With last season’s trade of Dan Wheeler to the Devil Rays, and the trade of Brad Lidge this offseason to the Phillies, Brocail can step right into a late-inning role with the Astros.  And while Doug had a 1.17 WHIP and .228 BAA in 2007, his career numbers in those categories are 1.36 and .263, respectively.  Even given his age, and past health problems, Brocail isn’t a bad one-year signing for the Astros, assuming the money doesn’t get into the $4M range, which I sincerely doubt.    

Great Moments in Fleece History: Chan Ho Park Robs the Rangers

Let’s take a look at another one of the worst free agent fleecings in MLB history:  Chan Ho Park’s robbery of the Texas Rangers in 2002.  (By the way, you can always take a look at all of our inductees into the Greatest Moments in Fleece History by clicking on the category to the left). 

In 2001, the Texas Rangers offense was dominant.  They managed to score 890 runs as Alex Rodriguez joined Ivan Rodriguez, Rafael Palmeiro, Ruben Sierra and Gabe Kapler (17 hr’s, 72 RBI in 2001) to form a dangerous middle of the lineup.  However, the Rangers also had the worst pitching staff in the majors that year, giving up a whopping 968 runs, leading to a record below .500.   Needless to say, owner Tom Hicks and new GM Jon Hart were desperate for pitching that offseason.  And desperation often begets fleecing when it comes to Major League Baseball Free Agency.   Enter Chan Ho Park.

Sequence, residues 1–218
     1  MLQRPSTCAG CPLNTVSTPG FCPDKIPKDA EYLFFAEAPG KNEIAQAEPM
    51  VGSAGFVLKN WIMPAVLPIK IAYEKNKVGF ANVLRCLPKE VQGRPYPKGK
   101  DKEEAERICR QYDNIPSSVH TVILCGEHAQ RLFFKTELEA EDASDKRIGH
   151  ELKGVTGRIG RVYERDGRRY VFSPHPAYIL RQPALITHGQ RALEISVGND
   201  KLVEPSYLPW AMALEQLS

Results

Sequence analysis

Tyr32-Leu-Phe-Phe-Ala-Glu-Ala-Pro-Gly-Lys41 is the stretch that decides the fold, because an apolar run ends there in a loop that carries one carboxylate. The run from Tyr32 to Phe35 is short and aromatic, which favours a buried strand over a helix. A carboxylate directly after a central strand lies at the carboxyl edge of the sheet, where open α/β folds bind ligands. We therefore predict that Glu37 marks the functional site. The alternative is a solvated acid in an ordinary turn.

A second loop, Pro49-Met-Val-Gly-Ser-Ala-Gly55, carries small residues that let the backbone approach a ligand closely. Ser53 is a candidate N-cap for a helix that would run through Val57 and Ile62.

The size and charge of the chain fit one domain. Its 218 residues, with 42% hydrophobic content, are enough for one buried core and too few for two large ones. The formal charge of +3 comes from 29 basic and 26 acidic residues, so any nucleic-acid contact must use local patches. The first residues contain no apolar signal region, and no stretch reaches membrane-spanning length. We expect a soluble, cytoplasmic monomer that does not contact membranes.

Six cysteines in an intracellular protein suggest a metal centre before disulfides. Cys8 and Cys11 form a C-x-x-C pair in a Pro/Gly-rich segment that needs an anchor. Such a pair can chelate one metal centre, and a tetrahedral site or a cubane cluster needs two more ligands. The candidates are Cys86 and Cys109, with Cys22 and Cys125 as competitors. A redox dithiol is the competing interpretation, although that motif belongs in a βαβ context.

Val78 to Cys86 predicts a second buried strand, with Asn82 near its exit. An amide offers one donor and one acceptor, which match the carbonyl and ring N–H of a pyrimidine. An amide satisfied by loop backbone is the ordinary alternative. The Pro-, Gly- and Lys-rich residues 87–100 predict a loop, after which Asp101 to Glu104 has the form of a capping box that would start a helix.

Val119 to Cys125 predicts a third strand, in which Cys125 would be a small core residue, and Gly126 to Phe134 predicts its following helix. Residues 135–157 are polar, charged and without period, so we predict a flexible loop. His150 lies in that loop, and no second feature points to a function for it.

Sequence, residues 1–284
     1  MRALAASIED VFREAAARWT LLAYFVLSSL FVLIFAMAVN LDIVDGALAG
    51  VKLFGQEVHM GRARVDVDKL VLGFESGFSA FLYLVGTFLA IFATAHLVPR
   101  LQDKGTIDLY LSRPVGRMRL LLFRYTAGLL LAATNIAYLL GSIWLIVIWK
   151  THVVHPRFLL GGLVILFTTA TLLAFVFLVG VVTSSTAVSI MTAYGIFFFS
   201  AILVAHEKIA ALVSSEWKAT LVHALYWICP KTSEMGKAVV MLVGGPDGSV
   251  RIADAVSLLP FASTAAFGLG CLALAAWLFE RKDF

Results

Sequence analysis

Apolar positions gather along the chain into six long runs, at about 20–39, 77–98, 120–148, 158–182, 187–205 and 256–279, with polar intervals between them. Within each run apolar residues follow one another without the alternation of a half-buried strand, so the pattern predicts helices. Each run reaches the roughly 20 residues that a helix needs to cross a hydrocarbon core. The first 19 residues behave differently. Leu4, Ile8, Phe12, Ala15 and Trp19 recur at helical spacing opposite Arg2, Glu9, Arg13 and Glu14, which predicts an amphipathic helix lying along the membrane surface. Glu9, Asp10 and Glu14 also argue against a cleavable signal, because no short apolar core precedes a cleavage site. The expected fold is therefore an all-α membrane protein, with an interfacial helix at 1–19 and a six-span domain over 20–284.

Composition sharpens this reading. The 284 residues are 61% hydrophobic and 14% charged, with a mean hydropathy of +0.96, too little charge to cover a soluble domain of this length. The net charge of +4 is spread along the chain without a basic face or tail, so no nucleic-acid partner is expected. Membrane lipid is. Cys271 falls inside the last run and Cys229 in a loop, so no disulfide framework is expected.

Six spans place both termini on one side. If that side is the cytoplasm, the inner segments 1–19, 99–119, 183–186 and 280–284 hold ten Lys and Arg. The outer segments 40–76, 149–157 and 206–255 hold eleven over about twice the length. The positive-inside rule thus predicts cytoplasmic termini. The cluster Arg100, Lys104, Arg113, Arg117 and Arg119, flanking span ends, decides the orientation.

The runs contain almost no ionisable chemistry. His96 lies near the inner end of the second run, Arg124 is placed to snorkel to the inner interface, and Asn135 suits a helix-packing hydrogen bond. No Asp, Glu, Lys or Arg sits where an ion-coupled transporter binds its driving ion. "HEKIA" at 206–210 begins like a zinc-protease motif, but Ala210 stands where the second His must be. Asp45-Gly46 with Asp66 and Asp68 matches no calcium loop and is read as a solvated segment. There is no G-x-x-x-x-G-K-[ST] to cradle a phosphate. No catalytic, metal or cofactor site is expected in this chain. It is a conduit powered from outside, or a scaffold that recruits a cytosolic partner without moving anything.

The Date:  January 16, 2002

The Players:Rangers owner Tom Hicks and GM Jon Hart (The fleecees), and right handed pitcher Chan Ho Park and his agent, none other than Captain Fleece, Scott Boras (the fleecers).

 The Fleece:  The Texas Rangers signed Park to a 5 year, $65M deal.

The Result:  In short, miserable.   After winning 75 games in 5 years for the Los Angeles Dodgers, Chan Ho Park won just 22 games for the Rangers and lasted just 3 and a half years in Arlington.  He threw only 381 innings for the Rangers over that span.  He made just 7 starts in 2003 and only 16 in 2004, mainly due to annoying injuries like hamstring strains, back strains and blisters.   (Note that Park’s last year in LA was marked by recurring back problems, something that should have prevented Jon Hart from giving him $65,000,000.00. )

Performance-wise, Chan Ho Park’s Texas ERA’s for 2002, 2003, 2004 and 2005 were surely Texas sized:  5.75, 7.58, 5.46, and 5.66, respectively.   His WHIPS for those years were just as awful: 1.59, 1.99, 1.44 and 1.68.  He was a complete disaster from the start and embarrassed himself in nearly appearance.  (In some starts, he even looked like he felt bad, as he saw Jon Hart sweating to death wearing a big fleece in the Texas heat).   Even in 2005, when Park finally managed to stay healthy enough to throw 20 straight starts, opponents still hit nearly .300 against him and his 8 wins were mainly the product of that deep Texas offense.